Consultants in a pickle over Cucumber Gulch rec plan
BRECKENRIDGE – Citizens hold mixed opinions about a recreational master plan resource planners are creating for the Cucumber Gulch wetlands area on Peak 8, if sentiments expressed at a recent meeting in Breckenridge are any indication.
Natural resources planners are seeking input on uses and issues in Cucumber Gulch on Peak 8 prior to a Dec. 9 meeting where they will solicit more comments from citizens who use the area.
It’s part of the development of a master plan being formulated for the area by Scott Babcock, a planner with ERO Resources of Denver, landscape architect Dean Pearson of The Architerra Group of Littleton and Breckenridge trails planners. The plan is required under the town’s overlay protection district outlined in 2000.
Consultants are considering many elements as they develop the plan, including current recreational uses on the 229 acres there, adjacent and encroaching development and the biological resources in the gulch.
Included in those biological resources are arctic fens and boreal toad – identified by the state as an endangered species – habitat. According to Babcock, researchers have found breeding populations of the toads in the gulch.
The goal of the master plan – which some have said should be a “nonrecreation” master plan – is to protect sensitive resources, formalize recreational uses in the area and provide a five- to 10-year management plan for the town.
Babcock and Pearson distributed surveys seeking input about the gulch at the first of three meetings last month. Surveys asked respondents to prioritize possible amenities in the gulch, ranging from existing Nordic and hiking trails to scenic overlooks and interpretive nature centers.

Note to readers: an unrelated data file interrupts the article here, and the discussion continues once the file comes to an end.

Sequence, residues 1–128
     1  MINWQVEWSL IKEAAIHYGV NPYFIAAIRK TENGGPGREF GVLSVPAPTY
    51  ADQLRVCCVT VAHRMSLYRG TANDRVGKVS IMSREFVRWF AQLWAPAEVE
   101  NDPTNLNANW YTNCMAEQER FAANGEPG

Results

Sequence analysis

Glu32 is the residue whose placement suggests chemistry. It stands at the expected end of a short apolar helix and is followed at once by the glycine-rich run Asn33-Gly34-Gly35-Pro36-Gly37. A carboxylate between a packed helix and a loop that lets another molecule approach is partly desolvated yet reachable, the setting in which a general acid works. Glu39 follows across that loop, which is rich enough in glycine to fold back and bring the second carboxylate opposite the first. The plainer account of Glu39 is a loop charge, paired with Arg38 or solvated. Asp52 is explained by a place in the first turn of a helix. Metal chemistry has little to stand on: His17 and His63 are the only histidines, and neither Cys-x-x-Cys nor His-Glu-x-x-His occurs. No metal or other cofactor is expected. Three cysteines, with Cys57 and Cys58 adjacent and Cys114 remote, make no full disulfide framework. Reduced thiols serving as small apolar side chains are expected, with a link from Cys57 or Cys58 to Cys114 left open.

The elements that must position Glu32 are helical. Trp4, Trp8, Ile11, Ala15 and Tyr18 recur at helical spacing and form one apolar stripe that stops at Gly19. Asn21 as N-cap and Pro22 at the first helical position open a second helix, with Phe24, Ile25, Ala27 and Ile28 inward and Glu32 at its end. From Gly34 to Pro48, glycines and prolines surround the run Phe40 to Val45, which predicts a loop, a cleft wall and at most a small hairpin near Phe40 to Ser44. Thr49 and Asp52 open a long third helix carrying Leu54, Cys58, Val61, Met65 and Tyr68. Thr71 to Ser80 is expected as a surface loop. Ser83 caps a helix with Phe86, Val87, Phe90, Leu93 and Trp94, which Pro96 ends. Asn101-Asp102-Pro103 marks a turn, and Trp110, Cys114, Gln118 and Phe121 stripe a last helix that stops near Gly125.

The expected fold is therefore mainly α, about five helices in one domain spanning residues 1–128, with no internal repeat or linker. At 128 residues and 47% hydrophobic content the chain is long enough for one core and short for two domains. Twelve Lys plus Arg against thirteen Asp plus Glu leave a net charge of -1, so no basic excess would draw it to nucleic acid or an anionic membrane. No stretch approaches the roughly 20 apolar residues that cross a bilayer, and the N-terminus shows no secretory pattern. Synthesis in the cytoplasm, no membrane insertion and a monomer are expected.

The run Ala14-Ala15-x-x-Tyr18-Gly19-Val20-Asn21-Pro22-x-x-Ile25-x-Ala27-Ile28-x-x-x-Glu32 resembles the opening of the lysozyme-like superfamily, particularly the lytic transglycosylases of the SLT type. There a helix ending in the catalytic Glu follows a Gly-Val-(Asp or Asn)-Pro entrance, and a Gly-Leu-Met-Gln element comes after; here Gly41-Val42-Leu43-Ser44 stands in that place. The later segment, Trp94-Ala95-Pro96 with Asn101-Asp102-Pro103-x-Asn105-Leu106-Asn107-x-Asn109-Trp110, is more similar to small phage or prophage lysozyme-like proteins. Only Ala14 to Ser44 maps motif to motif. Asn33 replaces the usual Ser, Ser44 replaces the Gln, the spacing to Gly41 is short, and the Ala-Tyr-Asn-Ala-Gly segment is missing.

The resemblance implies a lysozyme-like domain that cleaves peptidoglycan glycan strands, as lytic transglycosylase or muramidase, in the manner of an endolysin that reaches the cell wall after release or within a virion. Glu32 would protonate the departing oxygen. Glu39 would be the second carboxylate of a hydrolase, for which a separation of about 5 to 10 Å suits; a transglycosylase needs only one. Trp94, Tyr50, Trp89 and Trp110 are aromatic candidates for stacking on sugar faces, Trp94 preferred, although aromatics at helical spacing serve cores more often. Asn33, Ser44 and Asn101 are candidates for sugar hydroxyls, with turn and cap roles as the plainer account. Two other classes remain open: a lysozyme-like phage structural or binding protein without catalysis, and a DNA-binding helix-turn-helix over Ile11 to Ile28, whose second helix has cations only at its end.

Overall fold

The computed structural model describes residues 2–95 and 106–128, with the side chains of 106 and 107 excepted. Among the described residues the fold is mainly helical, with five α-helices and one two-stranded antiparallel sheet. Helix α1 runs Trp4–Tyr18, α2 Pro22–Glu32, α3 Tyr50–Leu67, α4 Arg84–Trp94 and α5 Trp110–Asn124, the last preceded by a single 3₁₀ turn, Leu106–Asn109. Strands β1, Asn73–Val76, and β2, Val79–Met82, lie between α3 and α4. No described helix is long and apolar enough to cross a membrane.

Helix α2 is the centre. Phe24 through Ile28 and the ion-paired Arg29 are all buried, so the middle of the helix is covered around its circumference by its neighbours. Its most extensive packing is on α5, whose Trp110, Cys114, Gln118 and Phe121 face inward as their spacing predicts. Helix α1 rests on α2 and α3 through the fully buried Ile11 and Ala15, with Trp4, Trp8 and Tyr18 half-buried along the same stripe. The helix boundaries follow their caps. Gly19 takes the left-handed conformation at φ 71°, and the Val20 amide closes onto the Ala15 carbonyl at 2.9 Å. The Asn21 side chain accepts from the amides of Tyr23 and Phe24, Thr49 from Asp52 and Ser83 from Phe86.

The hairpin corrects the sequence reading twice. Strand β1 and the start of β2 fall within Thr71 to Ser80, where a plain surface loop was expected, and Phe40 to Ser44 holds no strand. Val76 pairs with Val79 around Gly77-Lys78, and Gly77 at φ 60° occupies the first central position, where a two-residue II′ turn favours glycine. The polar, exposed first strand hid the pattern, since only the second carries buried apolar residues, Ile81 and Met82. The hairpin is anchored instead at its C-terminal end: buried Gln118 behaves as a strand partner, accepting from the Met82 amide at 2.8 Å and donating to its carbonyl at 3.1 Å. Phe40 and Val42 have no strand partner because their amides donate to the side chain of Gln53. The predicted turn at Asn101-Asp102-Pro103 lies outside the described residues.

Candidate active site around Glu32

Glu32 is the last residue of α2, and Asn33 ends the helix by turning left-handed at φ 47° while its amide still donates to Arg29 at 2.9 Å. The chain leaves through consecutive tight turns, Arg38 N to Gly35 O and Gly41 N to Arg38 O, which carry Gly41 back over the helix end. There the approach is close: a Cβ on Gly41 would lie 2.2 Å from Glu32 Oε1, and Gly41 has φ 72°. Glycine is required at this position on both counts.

Some elements will be addressed regardless, including the intertwining trails that run through the area – and that change each summer as beavers in the gulch alter their dams and the ponds behind them.
Winter Nordic trails are pretty well established, but many redundant summer social trails – basically short-cuts – might need to be eliminated to reduce impacts in the area.
“This is a topic we’re called upon to do when we do recreation plans,” Babcock said. “(In most plans), we need to come up with the best ways to get from point A to point B. Here, it’s mostly refining and narrowing down some alignments.”
Consultants have already inventoried the conditions in the gulch, met with stakeholders in the area, identified issues of interest and concern and explored potential summer trail design standards, such as boardwalks, bridges and overlooks. Now, they are gathering public input to develop management goals and formalize trail alignments.
Citizens at the first meeting said they realize the wetlands will see more and more use in the future but that preservation of natural resources should be of utmost importance.
“We need to protect the natural resources and leave the rest alone,” said Jeffrey Bergeron, a Peak 8 resident. “We don’t need to do anything there. I think the mind set is that, since this is our land, we need to do something. Our first priority should be protection.”
That’s the balancing act open space and trails planners face.
Increasing use in the wetlands area – including illegal fishing and dogs bounding through the water and defecating in the woods – must be addressed. Consultants will also determine how extensive trails networks will be and how many features, such as overlooks and interpretive centers, can be implemented without negatively impacting wildlife and wetlands there.
Babcock said he hopes to present a draft plan at the end of January and the final plan by late March.
Jane Stebbins can be reached at (970) 668-3998 ext. 228 or email@example.com.
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